If you head to New York this weekend and you get lucky, you could get tickets to see Joe Iconis and Joe Tracz's hot musical Be More Chill
on Broadway. Or you could save a ton of money by staying home to see Joe Iconis and Joe Tracz's hot musical Be More Chill
in St. Louis, at New Line Theatre. How is it possible that a first-run Broadway show is playing concurrently in St. Louis?
Scott Miller, co-artistic director of New Line Theatre, says it all comes down to timing. "Be More Chill
was originally commissioned by Two River Theater in New jersey, and after the run the show didn't get any takers to go Broadway," Miller explains. "So they did a cast album and released the rights for colleges and regional theaters — and then they got an offer for Off Broadway, and from there it went to Broadway."
The big league's slow reaction time is to our benefit. But Miller also isn't surprised that Be More Chill
was a slow starter.
"It doesn't feel like Broadway — it kind of tricks the audience," Miller enthuses with the passion of a musical theater lifer. "It seems like a rom-com about a lovable loser who wants to get the girl but can’t. And then the Squip comes in at the end of Act I, and you realize it's a sci-fi thriller!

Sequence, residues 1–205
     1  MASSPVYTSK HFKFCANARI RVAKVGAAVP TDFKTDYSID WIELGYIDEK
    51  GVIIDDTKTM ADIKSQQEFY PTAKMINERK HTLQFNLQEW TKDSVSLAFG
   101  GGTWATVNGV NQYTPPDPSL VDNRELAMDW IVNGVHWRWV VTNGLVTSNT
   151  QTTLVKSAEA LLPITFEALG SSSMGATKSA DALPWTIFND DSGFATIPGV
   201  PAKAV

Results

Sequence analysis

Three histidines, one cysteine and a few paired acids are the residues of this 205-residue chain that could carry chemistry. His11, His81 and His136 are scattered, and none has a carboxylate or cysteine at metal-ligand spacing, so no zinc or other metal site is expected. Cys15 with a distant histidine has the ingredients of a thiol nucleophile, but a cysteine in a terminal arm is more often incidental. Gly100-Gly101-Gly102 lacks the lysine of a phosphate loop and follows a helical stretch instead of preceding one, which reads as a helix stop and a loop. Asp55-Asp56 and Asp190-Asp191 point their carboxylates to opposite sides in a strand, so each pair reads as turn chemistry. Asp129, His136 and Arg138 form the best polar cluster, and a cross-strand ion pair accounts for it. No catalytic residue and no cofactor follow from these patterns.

“They sneak up on you with it," he finishes.
“The Squip” is an an acronym for Super Quantum Unit Intel Processor. In the show, teenaged Jeremy is a loser on the outside of high school society. When he learns he can swallow a tiny Japanese supercomputer — the Squip — that will upgrade him with a customized internal voice advising him on how to be more chill, he takes it. The musical is based on a novel by Ned Vizzini, and it deals with teen depression, the digital age and bullying, all filtered through '50s sci-fi and the teen movies of the '90s.
It's the exact sort of rock & roll musical Miller loves to sink his teeth into, and with his co-artistic director Mike Dowdy-Windsor taking the lead as director, he has been left with more time to dig into what makes Be More Chill
and its young cast (more than half of which are first time New Liners) tick.
"The interesting thing about this is it doesn't show off, lyrically," offers Miller. "There are no interior rhymes, no tricks. They don't sound like lyrics; they sound like high school kids talking. The show really treats these kids with respect, and if feels real. The kids say dumb thing and do dumb things."
Be More Chill
is performed at 8 p.m. Thursday through Saturday (May 30 to June 22) at the Marcelle Theater (3310 Samuel Shepard Drive; www.newlinetheatre.com). Tickets are $12.50 to $30.